This weekend many of us will gather with our family and friends at various Fourth of July celebrations. Parade-goers will line the streets as children proudly wave our nation’s flag. The night’s sky, in many towns, will light up with a colorful display of fireworks, and Independence day playlists comprised mainly of Bruce Springsteen and, my personal favorite, Lee Greenwood, will be set on repeat.
There are many celebratory representations of the United States’ independence, but one in particular stands a little above the rest – literally. At 305 feet tall, the Statue of Liberty is one of the biggest and most recognized symbols of American freedom. But Lady Liberty doesn’t just embody our own independence; she has roots spanning the world. In fact, the official name of the statue is Liberty Enlightening the World, and several countries have their own replicas, standing tall with her torch proudly in hand. Here are 7 facts that show Lady Liberty’s global connections.
1: In Jardin du Luxembourg, one of the largest parks in Paris, stands the first Statue of Liberty. The bronze, life-size sculpture was the original model for Frederic Auguste Bartholdi, before he created the statue that was gifted to the United States in 1885 and now stands on Liberty Island off of Manhattan harbor.
2: Seven years before the Statue of Liberty was complete and made its way across the Atlantic, the head of the statue was prominently displayed in 1878 at the Exposition Universelle, the third Paris World’s Fair.
3: As it turns out, there are several Lady Liberty statues in France. The second stands on Île aux Cygnes, a small man-made island on the Seine River in front of the Pont de Grenelle. The statue was inaugurated on July 4, 1889. The tablet in her left arm has two dates inscribed on it: July 4, 1776 commemorating American Independence Day, and July 14, 1789 – Bastille Day, in France.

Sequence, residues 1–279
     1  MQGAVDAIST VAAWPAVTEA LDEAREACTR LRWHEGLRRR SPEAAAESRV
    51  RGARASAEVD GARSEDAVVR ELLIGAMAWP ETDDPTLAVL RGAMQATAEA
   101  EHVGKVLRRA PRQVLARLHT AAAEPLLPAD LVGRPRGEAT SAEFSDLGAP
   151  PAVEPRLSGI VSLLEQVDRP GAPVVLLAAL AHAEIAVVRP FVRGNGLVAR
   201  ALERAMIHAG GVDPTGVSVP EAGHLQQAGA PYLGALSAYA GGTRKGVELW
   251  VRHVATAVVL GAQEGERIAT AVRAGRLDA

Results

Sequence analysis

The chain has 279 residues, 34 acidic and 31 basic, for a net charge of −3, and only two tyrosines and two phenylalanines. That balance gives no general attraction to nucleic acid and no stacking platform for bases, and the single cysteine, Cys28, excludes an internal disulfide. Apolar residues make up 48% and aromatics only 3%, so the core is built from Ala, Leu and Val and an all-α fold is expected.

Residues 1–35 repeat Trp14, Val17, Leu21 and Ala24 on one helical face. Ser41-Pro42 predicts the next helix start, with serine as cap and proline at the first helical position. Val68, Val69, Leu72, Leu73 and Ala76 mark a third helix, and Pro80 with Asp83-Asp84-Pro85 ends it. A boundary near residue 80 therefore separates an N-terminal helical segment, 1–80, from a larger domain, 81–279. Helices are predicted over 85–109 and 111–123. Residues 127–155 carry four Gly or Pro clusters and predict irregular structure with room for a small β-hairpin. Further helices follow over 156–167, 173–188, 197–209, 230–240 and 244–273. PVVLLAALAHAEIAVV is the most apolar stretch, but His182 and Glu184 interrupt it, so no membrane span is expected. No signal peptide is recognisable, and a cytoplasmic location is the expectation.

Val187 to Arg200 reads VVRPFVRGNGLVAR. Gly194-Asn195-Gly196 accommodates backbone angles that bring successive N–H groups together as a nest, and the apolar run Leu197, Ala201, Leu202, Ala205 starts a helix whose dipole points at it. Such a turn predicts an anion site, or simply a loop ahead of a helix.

4: In Cenicero, Spain you’ll find a replica Lady Liberty built in honor of those who fought in The First Carlist War. The Francisco Franco dictatorship had it removed in 1936, but forty years later (and 200 years after the American colonies declared their independence) the statue was restored.
5: The most unique reproduction of Lady Liberty may be in Billund, Denmark. Here, at the birthplace of The Lego Group and the original LEGOLAND, you’ll find a Statue of Liberty consisting of more than 1 million Lego blocks.
6: Although France gets most of the design credit, the statue in New York City may have both French and Norwegian roots. Though highly debatable, it is said that the copper used to build the Statue of Liberty came from a copper mine in Visnes, Norway. Today, a small replica of Lady Liberty is located in Visnes, where one of northern Europe’s largest and most active copper mines once stood.
7: It is believed that the 7 spikes on the statue’s crown represent the world’s 7 continents and 7 seas. This last fact does not directly tie into one specific country, but instead further exemplifies the statue’s true name and symbolic meaning.